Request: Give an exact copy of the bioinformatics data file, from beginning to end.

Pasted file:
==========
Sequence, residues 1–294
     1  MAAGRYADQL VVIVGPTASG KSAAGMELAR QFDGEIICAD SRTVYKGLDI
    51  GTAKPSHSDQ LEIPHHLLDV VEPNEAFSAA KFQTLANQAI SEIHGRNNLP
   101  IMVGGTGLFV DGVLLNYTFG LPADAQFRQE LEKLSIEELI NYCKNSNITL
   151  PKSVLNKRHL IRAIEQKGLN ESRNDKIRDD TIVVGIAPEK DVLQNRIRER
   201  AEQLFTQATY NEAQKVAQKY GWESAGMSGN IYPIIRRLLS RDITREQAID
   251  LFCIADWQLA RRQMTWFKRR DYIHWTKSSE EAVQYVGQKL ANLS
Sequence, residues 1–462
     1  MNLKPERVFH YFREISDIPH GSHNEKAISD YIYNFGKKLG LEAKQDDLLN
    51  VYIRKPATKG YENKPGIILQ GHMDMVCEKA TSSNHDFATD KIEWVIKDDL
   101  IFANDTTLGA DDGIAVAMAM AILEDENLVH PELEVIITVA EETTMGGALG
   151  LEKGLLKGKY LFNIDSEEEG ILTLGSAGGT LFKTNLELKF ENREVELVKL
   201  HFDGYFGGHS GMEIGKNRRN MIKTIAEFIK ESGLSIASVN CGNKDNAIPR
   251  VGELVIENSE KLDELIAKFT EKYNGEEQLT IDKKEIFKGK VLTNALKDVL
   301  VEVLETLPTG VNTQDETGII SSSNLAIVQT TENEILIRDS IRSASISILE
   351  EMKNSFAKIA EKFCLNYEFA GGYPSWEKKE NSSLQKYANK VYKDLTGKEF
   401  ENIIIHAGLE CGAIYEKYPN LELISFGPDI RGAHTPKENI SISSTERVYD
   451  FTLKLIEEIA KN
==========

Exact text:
Sequence, residues 1–294
     1  MAAGRYADQL VVIVGPTASG KSAAGMELAR QFDGEIICAD SRTVYKGLDI
    51  GTAKPSHSDQ LEIPHHLLDV VEPNEAFSAA KFQTLANQAI SEIHGRNNLP
   101  IMVGGTGLFV DGVLLNYTFG LPADAQFRQE LEKLSIEELI NYCKNSNITL
   151  PKSVLNKRHL IRAIEQKGLN ESRNDKIRDD TIVVGIAPEK DVLQNRIRER
   201  AEQLFTQATY NEAQKVAQKY GWESAGMSGN IYPIIRRLLS RDITREQAID
   251  LFCIADWQLA RRQMTWFKRR DYIHWTKSSE EAVQYVGQKL ANLS
Sequence, residues 1–462
     1  MNLKPERVFH YFREISDIPH GSHNEKAISD YIYNFGKKLG LEAKQDDLLN
    51  VYIRKPATKG YENKPGIILQ GHMDMVCEKA TSSNHDFATD KIEWVIKDDL
   101  IFANDTTLGA DDGIAVAMAM AILEDENLVH PELEVIITVA EETTMGGALG
   151  LEKGLLKGKY LFNIDSEEEG ILTLGSAGGT LFKTNLELKF ENREVELVKL
   201  HFDGYFGGHS GMEIGKNRRN MIKTIAEFIK ESGLSIASVN CGNKDNAIPR
   251  VGELVIENSE KLDELIAKFT EKYNGEEQLT IDKKEIFKGK VLTNALKDVL
   301  VEVLETLPTG VNTQDETGII SSSNLAIVQT TENEILIRDS IRSASISILE
   351  EMKNSFAKIA EKFCLNYEFA GGYPSWEKKE NSSLQKYANK VYKDLTGKEF
   401  ENIIIHAGLE CGAIYEKYPN LELISFGPDI RGAHTPKENI SISSTERVYD
   451  FTLKLIEEIA KN